It’s looking like Melas is going to be a muddy and possibly snowy affair. So first off our thoughts go out to the Northbrook Garner Bicycle Club and Flatlandia Cycling Team for as painless a course set-up process as possible. When you see these people on Sunday give them a big thanks cause as much as you might not like racing in foul weather, promoting a race in it is about 100x worse.
Since we haven’t had a mud race in the Cup yet this year it’s important to get a day in this week to test your skills and equipment. Weight distribution, line choice, speed, your angle relative to the ground and through the corners are all factors that add up to get you through the turns as quickly and efficiently as possible.
Weight distribution – keep your weight back more than usual at every point in the race and especially while turning. The tread on your tires needs to dig into the ground or you won’t have traction when you need it.
Line choice – study the course as much as you can. The worn track through the middle of the turn is not always the best. Look for grass at the edges of the corners as an option to get more grip and give them a try before your race. Look for little divots also that can act as berms. They’ll enable you to slide into them, change direction and power out.
Once you’re into the turn you have to go with the flow. Don’t fight the direction your bike wants to take but rather make the best of it.
Speed – sometimes painfully slow is the least painful. Check your speed prior to entering a turn because if you’re on the brakes during the turn there is a good chance you’re going to slide too much. Don’t be afraid to take your inside foot out either. It might take a fraction of a moment to pop it back in on the way out but you can carry more speed and touch your foot down when you start to slide.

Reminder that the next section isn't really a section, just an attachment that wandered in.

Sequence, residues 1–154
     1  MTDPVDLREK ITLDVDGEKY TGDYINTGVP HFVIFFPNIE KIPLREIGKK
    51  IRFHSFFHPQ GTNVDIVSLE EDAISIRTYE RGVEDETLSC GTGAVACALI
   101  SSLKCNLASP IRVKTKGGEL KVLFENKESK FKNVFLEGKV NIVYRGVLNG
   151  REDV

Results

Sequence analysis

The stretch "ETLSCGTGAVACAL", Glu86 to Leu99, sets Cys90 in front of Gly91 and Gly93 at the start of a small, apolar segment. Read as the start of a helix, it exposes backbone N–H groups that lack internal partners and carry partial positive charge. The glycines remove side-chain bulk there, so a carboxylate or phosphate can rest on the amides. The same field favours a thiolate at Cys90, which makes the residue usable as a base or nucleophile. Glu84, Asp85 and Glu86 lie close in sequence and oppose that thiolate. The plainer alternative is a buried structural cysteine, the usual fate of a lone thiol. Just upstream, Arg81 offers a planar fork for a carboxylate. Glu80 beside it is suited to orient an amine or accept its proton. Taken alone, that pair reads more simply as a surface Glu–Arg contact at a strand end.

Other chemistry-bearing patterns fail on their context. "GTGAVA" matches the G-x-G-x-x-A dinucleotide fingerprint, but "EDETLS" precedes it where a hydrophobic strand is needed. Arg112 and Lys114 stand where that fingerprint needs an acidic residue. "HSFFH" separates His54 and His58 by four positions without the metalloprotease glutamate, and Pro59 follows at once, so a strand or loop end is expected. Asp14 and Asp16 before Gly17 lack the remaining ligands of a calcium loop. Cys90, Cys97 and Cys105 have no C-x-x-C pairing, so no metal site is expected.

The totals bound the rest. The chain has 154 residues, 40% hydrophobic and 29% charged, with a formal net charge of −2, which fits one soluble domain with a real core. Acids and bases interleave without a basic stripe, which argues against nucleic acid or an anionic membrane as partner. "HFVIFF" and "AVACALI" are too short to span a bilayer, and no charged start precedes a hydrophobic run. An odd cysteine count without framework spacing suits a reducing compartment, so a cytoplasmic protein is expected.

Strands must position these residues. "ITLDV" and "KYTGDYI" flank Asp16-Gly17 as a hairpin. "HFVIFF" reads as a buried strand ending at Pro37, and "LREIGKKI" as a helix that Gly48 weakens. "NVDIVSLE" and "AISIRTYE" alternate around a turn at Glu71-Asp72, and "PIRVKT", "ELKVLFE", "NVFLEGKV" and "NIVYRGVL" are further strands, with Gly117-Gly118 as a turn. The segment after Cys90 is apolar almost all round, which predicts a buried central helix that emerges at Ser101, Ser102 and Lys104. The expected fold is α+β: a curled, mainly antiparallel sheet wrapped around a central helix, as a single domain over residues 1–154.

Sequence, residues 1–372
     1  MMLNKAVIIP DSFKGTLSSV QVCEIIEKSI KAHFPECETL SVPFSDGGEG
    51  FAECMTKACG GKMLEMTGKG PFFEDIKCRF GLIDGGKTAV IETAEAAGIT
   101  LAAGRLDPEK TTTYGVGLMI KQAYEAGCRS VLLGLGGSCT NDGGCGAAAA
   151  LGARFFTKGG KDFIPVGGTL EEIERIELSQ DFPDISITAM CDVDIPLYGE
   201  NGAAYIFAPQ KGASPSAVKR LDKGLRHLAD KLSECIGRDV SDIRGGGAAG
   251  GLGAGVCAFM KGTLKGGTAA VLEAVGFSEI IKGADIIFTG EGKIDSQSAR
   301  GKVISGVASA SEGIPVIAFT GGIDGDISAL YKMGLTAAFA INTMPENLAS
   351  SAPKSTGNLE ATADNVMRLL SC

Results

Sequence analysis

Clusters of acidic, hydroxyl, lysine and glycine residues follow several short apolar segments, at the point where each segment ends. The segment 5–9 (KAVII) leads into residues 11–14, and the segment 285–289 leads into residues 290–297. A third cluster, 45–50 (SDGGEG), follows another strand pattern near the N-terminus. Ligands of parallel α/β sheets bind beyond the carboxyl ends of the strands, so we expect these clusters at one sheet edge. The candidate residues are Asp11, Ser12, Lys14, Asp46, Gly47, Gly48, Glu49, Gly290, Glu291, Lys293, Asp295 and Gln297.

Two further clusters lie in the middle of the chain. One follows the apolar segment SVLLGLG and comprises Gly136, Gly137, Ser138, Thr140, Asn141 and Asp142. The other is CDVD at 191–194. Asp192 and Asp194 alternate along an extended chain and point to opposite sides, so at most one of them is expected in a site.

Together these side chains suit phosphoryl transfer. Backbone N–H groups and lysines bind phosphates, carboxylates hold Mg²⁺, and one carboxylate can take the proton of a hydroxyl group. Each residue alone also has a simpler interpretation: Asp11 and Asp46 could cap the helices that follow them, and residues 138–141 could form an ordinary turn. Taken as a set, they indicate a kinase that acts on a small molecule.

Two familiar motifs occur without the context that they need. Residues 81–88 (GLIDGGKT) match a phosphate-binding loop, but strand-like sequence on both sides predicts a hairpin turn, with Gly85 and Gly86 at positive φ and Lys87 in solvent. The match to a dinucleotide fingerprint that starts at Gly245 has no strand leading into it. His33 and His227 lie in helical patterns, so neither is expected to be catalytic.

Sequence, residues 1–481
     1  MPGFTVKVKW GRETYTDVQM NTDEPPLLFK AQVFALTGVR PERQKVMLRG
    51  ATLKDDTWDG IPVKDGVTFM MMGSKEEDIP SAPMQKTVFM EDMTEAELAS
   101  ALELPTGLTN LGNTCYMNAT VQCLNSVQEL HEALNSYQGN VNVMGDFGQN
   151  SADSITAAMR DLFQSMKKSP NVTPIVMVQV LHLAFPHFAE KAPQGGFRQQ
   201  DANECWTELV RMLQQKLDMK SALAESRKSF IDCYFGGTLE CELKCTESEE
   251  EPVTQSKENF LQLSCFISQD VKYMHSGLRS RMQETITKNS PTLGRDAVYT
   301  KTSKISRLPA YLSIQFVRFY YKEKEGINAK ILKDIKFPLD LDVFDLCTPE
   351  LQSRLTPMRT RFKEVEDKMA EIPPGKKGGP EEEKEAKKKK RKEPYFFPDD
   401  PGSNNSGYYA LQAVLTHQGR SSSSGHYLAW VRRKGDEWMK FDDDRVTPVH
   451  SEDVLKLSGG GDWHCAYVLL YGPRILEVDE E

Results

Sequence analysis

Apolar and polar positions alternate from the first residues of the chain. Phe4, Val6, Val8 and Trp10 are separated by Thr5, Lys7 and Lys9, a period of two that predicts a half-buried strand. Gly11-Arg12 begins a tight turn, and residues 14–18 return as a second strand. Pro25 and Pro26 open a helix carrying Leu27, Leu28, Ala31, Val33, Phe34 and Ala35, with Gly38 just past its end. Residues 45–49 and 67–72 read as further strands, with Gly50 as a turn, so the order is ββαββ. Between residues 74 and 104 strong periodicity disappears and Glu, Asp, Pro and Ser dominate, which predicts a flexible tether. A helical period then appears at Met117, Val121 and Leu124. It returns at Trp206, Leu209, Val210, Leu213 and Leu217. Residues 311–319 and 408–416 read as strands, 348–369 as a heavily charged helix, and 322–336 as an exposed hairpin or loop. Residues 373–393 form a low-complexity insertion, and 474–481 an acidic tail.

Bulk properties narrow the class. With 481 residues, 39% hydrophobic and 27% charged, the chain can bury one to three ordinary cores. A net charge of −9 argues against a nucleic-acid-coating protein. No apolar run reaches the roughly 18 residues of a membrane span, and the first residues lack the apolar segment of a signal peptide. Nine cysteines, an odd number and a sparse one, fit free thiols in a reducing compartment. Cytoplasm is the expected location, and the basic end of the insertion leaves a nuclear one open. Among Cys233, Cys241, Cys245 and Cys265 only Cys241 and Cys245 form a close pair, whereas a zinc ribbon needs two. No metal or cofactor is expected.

Angle part 1 – the closer you are to a 90 degree angle relative to the ground the faster you’ll be able to get through a slippery corner. It is the exact opposite of what you want to do on dry pavement. It feels like riding a rail on a train track when done properly.
Angle part 2 – Start as wide as you can, cut across the apex of the corner and come out of it as wide as you can. You are essentially straightening out the corner. Go to YouTube and watch some MotoGP and downhill ski racing. They have to get it right.
Equipment – Large, sharp and aggressively knobbied tires are the way to go. The flatter and lower the surface the harder it is for those little guys to dig down into the mud and snow.
Disk brakes are a big advantage because they will engage much more quickly and effectively. It means that you can go into turns and up to barriers at faster speeds and brake later than you can with traditional rim brakes. Seconds per turn add up to minutes per race.
Patience is your friend. Take it easy through the technical sections and then sit back on your wheel and kill it in the straights. CX can be death by a thousand cuts so take your time and take advantage of the mistakes made by those around you.
See you Sunday.